The Alzheimer’s Poetry Project was launched more than a decade ago by poet Gary Glazner. Its goal is simple and direct: use poetry to help people with Alzheimer’s reconnect to memories.
To that end, Glazner teaches workshops to help caregivers learn how they can use poetry in dealing with their loved ones with Alzheimer’s or other forms of dementia.
For many people, poetry is something that is picked up early in childhood. Nursey rhymes are among the earliest forms of literature to which children are exposed. And the combination of rhyme and rhythm makes it easier for children to memorize and remember childhood poems.
By the same token, the sense of rhythm and rhyme stays with people far past childhood. Many adults, including those with Alzheimer’s, have easier access to nursery rhymes from decades ago than to memories of more recent vintage. Many home caregivers find that they can use nursery rhymes to help a dementia patient reconnect, to form a link of recognition.
But that sense of recognition doesn’t stop with nursery rhymes. Song lyrics, another form of poetry, also can have a strong recognition factor for many people with dementia. This is especially true of songs that may have special meaning to a person.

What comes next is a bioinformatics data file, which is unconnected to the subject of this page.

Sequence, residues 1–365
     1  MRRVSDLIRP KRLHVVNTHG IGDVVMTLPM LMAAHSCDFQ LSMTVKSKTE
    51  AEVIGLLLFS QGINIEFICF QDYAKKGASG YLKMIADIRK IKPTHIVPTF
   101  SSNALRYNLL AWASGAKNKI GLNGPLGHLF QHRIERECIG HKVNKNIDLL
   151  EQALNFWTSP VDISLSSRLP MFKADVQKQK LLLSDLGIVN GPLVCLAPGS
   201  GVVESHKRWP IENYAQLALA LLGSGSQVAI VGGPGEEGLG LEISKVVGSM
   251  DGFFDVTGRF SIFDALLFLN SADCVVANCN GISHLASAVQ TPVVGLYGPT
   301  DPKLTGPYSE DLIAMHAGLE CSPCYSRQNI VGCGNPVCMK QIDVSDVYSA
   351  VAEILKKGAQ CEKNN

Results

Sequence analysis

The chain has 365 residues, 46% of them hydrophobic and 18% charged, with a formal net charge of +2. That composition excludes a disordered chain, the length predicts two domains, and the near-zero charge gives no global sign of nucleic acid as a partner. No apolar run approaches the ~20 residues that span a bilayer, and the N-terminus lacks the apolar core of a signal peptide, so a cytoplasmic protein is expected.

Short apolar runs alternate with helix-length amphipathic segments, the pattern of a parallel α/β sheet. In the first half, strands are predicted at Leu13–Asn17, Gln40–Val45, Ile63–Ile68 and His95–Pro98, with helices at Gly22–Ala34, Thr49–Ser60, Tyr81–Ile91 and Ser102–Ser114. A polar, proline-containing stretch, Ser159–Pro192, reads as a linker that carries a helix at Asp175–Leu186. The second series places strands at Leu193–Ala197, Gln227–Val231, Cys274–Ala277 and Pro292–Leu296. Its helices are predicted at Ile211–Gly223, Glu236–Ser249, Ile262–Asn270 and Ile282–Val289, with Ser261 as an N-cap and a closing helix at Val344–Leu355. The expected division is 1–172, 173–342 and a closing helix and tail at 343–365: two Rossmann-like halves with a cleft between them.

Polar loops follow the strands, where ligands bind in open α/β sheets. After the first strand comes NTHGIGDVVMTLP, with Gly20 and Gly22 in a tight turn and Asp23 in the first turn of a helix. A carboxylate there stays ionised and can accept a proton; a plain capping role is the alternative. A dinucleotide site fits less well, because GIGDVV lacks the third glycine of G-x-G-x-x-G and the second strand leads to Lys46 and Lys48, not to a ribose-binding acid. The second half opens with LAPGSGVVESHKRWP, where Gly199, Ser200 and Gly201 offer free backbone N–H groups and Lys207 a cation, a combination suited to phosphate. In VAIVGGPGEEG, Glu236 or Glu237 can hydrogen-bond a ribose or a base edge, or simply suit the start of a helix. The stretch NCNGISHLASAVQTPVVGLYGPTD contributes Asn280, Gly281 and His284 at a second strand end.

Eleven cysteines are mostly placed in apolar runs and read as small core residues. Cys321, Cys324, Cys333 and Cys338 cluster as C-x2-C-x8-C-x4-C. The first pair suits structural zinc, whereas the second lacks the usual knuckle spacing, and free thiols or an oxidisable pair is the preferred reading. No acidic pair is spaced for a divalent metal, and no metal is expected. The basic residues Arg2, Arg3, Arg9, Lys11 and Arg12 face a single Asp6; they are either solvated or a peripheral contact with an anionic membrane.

How can a caregiver use poetry to help in their everyday interactions with a person with Alzheimer’s?
If a patient is getting agitated, using a nursery rhyme or familiar song can help to bring them to a more “grounded” state.
Associating a poem with an activity can help in a transition. For example, a nursery rhyme like “This is the way we wash our hands” can help transition into getting ready for dinner.
Making up easy rhymes can sometimes help a person with dementia to remember things better. For example, “Moon is in the sky, time for beddy-bye.”
Not every person with Alzheimer’s will respond to poetry, of course. But it may be worthwhile to try and see how a loved one reacts.